No, we in the self-determination struggle are not on a lonely path at all. You are wrong in your belief that, because the 2023 elections are approaching, our people will not listen to our message. They are engaged with our message very massively and they are increasingly doing so. The Yoruba people have chosen their destiny and nothing can divert them away from it. Remember something that our father, Chief Obafemi Awolowo, once said about the Yoruba people. He wrote: «The truth about the Yoruba people is that they are sufficiently enlightened and bold to refuse to be led by the nose by any person, however sophisticated such a person or group may be. They are slow to anger robust on contentions, alert to their rights, and will fearlessly resist and combat evil, whenever and wherever they discern it, with all their might.” Our Yoruba people have no doubt that evil dominates Nigeria and that the evil has been waxing strong and strong for over sixty years. They are deeply saddened that the evil is ruining the quality of their lives and destroying everything that they hold dear. Therefore, no amount of propaganda, no small bribes from the enormous wealth that politicians have stolen from Nigeria›s purse, no other kind of enticements can now make our Yoruba people choose to uphold and sustain the horrible evil that they know so painfully.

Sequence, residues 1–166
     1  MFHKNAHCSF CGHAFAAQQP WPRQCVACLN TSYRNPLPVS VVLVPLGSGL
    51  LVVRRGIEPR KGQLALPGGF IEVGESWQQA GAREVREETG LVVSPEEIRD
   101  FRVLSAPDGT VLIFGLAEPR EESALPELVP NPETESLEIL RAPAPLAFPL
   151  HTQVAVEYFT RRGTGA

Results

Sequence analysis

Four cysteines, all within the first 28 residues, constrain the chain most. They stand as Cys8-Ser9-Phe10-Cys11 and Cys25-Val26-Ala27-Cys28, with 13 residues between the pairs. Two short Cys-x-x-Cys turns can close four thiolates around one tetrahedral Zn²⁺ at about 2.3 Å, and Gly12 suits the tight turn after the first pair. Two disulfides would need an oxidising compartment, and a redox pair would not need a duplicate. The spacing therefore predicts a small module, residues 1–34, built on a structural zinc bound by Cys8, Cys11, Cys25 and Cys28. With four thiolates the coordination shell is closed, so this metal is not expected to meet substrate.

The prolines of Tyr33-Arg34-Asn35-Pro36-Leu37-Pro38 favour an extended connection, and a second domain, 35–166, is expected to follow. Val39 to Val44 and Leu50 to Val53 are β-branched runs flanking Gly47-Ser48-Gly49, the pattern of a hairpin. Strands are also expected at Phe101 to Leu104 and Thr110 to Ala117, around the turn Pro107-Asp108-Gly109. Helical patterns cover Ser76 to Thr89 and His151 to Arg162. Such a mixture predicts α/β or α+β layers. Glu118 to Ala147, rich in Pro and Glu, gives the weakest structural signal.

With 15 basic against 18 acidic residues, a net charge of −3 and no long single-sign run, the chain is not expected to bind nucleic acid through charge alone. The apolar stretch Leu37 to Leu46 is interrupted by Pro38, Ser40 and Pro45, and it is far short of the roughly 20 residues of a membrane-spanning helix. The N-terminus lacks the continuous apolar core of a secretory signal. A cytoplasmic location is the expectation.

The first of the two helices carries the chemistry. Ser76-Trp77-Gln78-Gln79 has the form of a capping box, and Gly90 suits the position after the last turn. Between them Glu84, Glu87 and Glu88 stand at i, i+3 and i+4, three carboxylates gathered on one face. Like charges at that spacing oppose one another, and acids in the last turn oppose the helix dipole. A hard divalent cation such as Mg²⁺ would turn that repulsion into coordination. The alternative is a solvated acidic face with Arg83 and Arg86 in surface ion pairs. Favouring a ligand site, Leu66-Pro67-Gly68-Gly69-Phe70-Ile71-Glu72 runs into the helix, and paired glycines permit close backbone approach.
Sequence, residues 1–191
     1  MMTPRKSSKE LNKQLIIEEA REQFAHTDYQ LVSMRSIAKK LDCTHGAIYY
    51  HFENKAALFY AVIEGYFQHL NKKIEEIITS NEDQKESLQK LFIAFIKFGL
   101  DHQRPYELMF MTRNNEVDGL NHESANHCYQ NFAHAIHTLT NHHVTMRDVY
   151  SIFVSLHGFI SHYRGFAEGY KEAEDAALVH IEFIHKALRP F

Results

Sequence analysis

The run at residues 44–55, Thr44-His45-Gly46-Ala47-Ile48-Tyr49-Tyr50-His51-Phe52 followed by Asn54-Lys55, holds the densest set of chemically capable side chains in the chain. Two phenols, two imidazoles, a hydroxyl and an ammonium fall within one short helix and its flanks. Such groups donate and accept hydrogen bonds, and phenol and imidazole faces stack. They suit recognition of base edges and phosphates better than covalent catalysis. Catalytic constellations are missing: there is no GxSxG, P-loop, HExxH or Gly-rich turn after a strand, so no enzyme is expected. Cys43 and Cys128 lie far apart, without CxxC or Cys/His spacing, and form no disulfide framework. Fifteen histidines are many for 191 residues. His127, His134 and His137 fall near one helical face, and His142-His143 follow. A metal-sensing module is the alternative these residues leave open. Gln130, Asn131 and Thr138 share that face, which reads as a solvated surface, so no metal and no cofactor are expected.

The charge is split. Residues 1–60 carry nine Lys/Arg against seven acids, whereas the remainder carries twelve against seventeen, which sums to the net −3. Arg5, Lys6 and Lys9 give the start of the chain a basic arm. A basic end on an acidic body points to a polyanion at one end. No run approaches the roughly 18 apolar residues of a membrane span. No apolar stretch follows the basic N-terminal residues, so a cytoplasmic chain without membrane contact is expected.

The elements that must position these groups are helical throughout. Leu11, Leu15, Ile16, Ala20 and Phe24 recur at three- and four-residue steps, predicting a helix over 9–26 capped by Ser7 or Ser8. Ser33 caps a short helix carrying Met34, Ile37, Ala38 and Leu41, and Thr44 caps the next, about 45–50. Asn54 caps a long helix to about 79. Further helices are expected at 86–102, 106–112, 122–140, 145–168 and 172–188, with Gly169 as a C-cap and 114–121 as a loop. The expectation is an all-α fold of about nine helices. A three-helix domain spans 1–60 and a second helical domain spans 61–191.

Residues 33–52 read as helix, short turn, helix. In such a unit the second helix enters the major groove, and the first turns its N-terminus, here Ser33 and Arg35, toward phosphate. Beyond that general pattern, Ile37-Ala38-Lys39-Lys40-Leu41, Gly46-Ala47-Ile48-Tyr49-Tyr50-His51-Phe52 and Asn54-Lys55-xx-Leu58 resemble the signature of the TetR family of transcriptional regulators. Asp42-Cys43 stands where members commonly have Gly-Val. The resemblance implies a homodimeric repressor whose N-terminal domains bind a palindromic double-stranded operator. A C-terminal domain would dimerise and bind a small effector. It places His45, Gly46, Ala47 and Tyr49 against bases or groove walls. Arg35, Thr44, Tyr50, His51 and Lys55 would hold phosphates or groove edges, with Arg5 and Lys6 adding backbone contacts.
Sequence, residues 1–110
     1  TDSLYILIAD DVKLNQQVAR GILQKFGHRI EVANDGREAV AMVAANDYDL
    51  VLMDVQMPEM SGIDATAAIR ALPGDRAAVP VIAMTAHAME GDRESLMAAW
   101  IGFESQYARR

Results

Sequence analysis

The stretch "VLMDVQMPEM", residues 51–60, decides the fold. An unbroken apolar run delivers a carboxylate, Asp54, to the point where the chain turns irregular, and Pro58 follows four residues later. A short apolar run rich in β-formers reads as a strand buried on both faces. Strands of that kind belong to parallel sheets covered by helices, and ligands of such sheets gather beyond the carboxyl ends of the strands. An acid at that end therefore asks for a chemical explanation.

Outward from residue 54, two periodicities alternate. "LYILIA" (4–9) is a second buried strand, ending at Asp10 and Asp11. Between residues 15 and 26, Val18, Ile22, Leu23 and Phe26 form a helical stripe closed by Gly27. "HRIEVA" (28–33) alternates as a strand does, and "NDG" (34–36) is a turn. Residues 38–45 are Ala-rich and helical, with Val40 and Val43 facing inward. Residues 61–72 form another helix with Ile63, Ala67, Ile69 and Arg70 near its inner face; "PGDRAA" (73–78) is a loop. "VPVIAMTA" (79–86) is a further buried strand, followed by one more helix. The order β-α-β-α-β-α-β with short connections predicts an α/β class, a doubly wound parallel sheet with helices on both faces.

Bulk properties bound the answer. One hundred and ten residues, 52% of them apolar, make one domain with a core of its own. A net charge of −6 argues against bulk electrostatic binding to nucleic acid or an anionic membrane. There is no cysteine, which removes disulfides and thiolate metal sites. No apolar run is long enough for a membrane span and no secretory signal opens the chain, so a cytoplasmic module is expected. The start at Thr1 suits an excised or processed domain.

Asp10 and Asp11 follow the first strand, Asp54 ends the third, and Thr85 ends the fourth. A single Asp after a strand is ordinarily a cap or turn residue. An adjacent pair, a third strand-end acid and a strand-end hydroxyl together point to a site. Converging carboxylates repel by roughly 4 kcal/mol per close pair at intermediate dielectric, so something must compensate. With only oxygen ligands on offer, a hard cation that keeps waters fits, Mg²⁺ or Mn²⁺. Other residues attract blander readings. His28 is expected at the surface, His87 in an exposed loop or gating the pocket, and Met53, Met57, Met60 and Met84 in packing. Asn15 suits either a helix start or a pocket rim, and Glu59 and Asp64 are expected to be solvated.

Could you tell us how much effort went into securing the temporary release of Yoruba Nation agitator, Sunday Adeyemo, also known as Sunday Igboho? Was Professor Wole Soyinka part of the eminent people who intervened to get him out of jail? Who are who are also involved apart from you?
Why do you say “temporary release”? Sunday is not under any temporary release. He has been released, period. Because he has wisely chosen to keep his choices to himself for now, some people have been engaging in various kinds of fanciful theories. Those who wished that he should never be released are now telling the world that he has not been released, or that he has only been partly released, or that he has been released because of sickness, etc. The truth is that he has been released. This Sunday is a phenomenal giant of a man. When he makes his next steps known, Yoruba people will jump for joy.